The left-wing GUE/NGL is projected to be the sixth-largest bloc in the European Parliament, was there to be an election today, clearly behind the five biggest groups. The Europe Elects February projection predicts the party would receive 56 out of 705 seats, up from 40 in the EU election 2019 sans the UK. In the popular vote projection, the party stands at 9.1%, up from 7.0% in the 2019 election. GUE/NGL’s modest recent rise is especially based on the rise of its two members – LINKE Germany and Sinn Féin Ireland – in polls. Sinn Féin had a successful national parliament election campaign focusing on housing and social inequality. LINKE has profited from the ongoing government crisis in the region of Thuringia, which had repercussions on the national level. 

Greens/EFA was the fifth-largest parliamentary group in the European election in May 2019 without the UK, but has now slid to the seventh position. In terms of seats, Green/EFA decreases from 68 seats and 11.5% in the election night to only 53 MEPs and 8.4% in Europe Elects’ February projection.

The Non-Inscrits—those parties left without a parliamentary group—would send 21 MEPs with a 3.8% vote share in the popular vote to the European Parliament with February’s projection. New unaffiliated parties would receive six seats with a 4.9% vote share in the popular vote. This includes NTD Bulgaria (2 seats), the new national-conservative Skoro party PDMŠ in Croatia (2 seats), and the national-conservative TT Lithuania (1 seat).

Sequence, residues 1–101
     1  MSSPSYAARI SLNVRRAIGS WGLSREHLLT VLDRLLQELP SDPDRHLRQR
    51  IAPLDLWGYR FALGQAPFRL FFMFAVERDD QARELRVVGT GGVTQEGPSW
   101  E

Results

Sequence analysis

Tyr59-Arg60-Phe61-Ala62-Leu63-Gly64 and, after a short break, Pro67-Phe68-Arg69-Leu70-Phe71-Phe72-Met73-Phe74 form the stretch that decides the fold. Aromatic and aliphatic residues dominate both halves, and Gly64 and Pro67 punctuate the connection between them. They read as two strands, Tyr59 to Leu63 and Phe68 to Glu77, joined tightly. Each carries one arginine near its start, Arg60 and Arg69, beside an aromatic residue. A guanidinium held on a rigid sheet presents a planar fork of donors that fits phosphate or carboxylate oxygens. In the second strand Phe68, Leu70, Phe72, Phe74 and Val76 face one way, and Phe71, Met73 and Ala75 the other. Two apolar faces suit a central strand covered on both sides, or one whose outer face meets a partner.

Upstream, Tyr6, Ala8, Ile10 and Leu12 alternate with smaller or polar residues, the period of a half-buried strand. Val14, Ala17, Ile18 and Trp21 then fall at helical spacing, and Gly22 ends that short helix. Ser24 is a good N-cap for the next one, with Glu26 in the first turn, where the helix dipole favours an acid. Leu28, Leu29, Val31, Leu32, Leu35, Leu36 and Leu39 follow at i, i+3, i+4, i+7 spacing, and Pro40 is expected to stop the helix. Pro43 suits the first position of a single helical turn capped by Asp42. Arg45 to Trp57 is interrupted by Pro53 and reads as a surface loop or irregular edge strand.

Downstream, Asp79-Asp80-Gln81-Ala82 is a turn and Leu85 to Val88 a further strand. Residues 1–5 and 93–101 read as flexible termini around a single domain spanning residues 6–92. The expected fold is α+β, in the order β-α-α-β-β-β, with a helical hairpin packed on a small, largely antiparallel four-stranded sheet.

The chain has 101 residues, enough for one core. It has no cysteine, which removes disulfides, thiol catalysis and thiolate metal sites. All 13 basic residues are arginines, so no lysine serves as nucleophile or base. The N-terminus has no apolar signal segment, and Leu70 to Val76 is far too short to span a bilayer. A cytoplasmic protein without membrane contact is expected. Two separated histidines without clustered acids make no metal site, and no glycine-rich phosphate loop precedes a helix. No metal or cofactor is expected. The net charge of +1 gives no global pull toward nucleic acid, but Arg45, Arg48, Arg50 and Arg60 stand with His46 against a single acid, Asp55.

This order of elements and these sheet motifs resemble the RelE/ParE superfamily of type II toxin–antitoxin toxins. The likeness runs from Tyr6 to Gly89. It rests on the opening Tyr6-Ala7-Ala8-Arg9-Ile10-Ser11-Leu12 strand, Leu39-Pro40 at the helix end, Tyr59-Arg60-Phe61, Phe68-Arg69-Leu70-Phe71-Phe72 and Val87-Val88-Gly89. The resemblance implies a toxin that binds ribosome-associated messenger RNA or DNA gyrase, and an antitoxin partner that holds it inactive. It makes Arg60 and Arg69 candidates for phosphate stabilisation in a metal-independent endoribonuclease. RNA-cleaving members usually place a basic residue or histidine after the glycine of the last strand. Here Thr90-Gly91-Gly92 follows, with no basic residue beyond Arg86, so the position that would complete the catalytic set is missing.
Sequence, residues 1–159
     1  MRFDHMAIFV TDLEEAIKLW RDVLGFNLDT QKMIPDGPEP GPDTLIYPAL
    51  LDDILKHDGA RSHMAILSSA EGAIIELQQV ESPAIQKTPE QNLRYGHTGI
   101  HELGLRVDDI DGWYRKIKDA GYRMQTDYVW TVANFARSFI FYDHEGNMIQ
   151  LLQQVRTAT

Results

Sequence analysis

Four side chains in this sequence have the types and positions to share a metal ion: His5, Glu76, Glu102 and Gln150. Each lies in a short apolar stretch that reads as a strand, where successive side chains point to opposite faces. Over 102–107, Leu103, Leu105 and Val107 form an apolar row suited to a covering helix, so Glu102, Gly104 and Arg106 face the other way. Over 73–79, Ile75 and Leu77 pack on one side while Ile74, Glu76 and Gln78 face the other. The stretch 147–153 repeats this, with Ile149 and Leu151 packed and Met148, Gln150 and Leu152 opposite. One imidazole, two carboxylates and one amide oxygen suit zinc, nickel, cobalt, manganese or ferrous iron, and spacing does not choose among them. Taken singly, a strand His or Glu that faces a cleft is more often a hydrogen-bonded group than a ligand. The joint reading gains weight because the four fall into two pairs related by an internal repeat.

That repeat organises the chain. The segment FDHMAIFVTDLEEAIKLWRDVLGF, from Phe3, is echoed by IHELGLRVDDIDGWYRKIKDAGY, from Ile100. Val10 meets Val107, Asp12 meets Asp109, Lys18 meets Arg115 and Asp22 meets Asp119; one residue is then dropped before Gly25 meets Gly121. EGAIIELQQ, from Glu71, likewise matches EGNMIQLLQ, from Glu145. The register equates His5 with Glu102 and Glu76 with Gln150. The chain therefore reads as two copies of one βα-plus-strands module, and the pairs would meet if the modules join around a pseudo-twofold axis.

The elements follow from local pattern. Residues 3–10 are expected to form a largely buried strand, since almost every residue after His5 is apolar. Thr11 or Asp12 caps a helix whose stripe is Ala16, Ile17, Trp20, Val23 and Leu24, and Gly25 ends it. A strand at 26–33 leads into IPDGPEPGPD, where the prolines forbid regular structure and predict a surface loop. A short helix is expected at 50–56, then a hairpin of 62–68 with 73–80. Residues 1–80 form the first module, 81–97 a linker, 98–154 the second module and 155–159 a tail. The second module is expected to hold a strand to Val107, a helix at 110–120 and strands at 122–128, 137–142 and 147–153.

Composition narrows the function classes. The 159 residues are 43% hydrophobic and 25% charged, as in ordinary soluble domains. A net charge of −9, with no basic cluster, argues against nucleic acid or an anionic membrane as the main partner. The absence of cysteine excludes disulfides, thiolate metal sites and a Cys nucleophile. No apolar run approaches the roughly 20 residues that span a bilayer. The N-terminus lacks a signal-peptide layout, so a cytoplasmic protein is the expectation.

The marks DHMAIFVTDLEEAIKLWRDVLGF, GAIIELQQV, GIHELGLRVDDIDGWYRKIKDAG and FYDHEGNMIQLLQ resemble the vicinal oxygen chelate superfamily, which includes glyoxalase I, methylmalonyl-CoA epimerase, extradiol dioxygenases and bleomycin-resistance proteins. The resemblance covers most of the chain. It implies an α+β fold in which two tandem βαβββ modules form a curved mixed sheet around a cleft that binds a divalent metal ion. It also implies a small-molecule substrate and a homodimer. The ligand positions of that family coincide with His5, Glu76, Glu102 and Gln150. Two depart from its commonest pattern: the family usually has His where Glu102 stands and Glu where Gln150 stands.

Disproportionate or sometimes opposite developments in the popular vote share and the seat projection can be explained with the slight disproportionality of the electoral system for the European Parliament.

Europe Elects’ projection of seats of European Parliament in February 2020 without the United Kingdom

EU28: how Brexit changed the sitting EU Parliament

The UK left the European Union at the end of January. This has changed the structural composition of the parliament, which may be worth mentioning in the context of this projection. The total number of seats decreased from 751 to 705, as the UK’s 73 seats vanished. 27 of them were redistributed for other 27 member states to ensure the European Parliament’s better match to the populations across the continent.

When comparing the post-Brexit parliament to the Pre-Brexit parliament, the centre-right EPP Group rises from 182 to 187 seats. This means that the gap between the EPP and the centre-left is widening—S&D parties now have 148 MEPs, down from 154 before Brexit. The liberal RE slips to double-digits with now 97 MEPs, down from 108 pre-Brexit. The right-wing ID group (76, +3 compared to pre-Brexit) overtakes the Greens/EFA Group (68, -6).

The national-conservative ECR slides down one seat, from 61 to 62, following Brexit, as the seats of UK conservatives are almost compensated by gains in other member nations. Left-wing GUE/NGL loses one seat post-Brexit, which is doubled by the recent moving of a German former Tierschutzpartei MEP to Non-Inscrits following a revelation of his past far-right extremism.

Visit our European Parliament projection site for a more in-depth overview and the methodology behind the monthly projection.